And Trump, you claiming that “no one has more respect for women” than you – that is “just words”, without a meaning, without any content, without any justification behind them. I haven’t seen any action to prove otherwise, either.




Athletes, who happen to be women

The Rio olympics have raised a lot of social media discussion on sexism and the way women’s achievements are reported and generally spoken of. The media still diminishes the achievements of female athletes – consistently. American Corey Cogdell-Unrein, who won bronze in the trap shooting, was in the press coverage referred to only in relation to her famous husband. Another athlete’s husband-coach was credited by a reporter to be responsible for her performance. Another gold medalist with a world record was a secondary news under a male silver-medalist from the same day.

In the Finnish media, the focus in the past days has been on the woman who’s the only medalist for us so far. A boxer with a story. She had only been training boxing for the fun of it, until at the ripe age of 28 and with 2 kids, her coach awoke her passion and she started taking the sport seriously. Disturbing was to see comments on her story undermining the stunning achievement, and the sarcastic requests to highlight men who are fathers as well. Of course mother and fatherhood are equally important but when talking about athletes, becoming a mother is a completely different challenge than becoming a father. Yet, it seems it’s not clear to all that a woman’s achievement and success story could for once be featured in media, instead of that of a man’s.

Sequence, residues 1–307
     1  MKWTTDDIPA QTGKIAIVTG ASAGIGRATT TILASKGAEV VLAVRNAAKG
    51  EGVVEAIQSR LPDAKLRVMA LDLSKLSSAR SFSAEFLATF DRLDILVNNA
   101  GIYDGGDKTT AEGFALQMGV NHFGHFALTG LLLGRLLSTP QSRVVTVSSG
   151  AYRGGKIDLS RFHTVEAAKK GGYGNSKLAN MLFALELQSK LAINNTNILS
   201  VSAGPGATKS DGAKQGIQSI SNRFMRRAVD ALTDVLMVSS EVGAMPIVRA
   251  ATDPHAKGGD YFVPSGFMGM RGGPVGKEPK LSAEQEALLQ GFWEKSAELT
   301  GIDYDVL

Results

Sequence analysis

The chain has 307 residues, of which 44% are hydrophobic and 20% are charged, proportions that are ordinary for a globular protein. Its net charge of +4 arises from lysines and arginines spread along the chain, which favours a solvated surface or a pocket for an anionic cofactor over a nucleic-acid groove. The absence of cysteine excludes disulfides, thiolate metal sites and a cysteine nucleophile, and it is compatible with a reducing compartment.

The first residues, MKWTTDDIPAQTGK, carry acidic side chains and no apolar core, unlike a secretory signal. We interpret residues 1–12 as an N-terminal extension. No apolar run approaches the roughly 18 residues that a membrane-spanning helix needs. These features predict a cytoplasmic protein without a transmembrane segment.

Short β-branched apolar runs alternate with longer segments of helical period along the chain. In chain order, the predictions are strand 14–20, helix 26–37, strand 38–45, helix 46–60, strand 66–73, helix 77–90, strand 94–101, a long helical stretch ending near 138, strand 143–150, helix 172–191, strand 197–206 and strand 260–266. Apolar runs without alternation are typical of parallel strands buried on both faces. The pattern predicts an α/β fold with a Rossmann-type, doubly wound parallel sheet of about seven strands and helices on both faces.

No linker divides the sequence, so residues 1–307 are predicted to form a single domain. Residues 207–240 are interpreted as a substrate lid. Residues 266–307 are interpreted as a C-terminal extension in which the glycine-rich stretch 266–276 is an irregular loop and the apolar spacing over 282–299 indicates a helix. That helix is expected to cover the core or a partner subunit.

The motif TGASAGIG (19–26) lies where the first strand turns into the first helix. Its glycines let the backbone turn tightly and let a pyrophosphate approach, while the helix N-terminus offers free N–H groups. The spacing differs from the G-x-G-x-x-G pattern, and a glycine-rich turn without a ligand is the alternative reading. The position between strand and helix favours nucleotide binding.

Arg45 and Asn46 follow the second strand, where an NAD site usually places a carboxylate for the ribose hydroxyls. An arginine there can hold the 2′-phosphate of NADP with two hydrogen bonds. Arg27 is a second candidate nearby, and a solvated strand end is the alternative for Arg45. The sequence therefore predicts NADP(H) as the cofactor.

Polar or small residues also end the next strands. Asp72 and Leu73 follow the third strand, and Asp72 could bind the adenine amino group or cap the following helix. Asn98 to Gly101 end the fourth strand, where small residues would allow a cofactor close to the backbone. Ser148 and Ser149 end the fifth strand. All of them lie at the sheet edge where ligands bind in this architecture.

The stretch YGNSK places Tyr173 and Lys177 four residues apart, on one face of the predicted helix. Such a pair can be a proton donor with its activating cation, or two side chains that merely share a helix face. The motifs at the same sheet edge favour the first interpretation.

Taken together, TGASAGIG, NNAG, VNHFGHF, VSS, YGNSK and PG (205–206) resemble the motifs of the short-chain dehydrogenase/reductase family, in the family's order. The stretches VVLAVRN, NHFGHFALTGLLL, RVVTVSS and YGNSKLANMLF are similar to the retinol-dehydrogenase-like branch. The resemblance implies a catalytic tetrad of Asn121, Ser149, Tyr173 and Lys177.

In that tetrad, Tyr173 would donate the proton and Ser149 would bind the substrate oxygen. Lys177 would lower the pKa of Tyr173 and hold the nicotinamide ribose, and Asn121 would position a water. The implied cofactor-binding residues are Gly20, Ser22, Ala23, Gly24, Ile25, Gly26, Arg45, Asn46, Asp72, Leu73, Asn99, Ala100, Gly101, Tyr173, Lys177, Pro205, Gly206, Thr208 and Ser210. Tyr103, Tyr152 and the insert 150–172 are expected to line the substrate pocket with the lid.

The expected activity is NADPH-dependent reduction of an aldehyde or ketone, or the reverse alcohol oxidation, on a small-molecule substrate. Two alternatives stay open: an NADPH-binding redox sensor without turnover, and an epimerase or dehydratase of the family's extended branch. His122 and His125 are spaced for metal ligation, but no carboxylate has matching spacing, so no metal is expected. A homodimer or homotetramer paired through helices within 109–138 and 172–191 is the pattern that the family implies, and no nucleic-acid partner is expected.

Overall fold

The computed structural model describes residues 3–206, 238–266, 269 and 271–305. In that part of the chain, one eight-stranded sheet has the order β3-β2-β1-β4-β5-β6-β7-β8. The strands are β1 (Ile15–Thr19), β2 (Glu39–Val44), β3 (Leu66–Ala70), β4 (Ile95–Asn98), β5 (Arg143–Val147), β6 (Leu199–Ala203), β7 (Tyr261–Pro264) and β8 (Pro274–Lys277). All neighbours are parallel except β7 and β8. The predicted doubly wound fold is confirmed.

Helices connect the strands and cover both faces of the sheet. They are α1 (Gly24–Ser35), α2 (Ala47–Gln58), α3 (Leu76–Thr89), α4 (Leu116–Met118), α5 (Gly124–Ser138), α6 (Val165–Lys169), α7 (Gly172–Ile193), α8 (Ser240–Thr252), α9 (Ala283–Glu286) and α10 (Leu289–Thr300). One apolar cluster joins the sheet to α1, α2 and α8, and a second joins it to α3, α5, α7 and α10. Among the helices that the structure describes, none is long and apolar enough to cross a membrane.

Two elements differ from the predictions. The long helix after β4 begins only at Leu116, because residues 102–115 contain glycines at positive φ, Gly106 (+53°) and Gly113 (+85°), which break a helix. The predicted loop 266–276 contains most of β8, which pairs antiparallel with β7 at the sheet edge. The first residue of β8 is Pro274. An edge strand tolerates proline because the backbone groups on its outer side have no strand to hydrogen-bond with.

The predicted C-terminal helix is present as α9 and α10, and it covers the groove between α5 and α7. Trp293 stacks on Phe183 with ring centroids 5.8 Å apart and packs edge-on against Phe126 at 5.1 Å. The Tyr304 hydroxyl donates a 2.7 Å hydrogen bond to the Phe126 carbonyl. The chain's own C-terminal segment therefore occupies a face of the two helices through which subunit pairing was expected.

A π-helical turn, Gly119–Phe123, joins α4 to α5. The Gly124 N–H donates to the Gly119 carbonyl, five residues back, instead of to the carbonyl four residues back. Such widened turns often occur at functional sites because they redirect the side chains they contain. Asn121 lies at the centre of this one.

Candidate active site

And what on earth is all this talk about women athletes hair-dos and make-up? Honestly it’s horrible that female athletes have to compete in their looks as well, as if that was more important than their actual performance. I’ve heard reporters in Rio have been actually having discussions on the gymnastics make-ups?

I’m glad the global sporting event is gaining attention to gender roles and equality, and hope the discussions continue past the games and beyond sports. Because in pretty much every field in life women are still lesser-valued than men.

In my current job, as we organize large international conferences, gender equality is a difficult topic. Namely, when inviting speakers our team wants to achieve full gender balance but struggles event after event in achieving the target. We have a certain level of seniority as a guideline for accepting a speaker, and it’s clearly how there are far fewer women in such roles than there are men. There are of course many brilliant women and excellent public speakers as well, but still too few to easily achieve 50-50 speaker balance from both genders. Only panels where all invited organizations / companies straight-forwardly nominate women are panels where gender equality or women empowerment is being discussed. And these are panels where we desperately want men to speak in.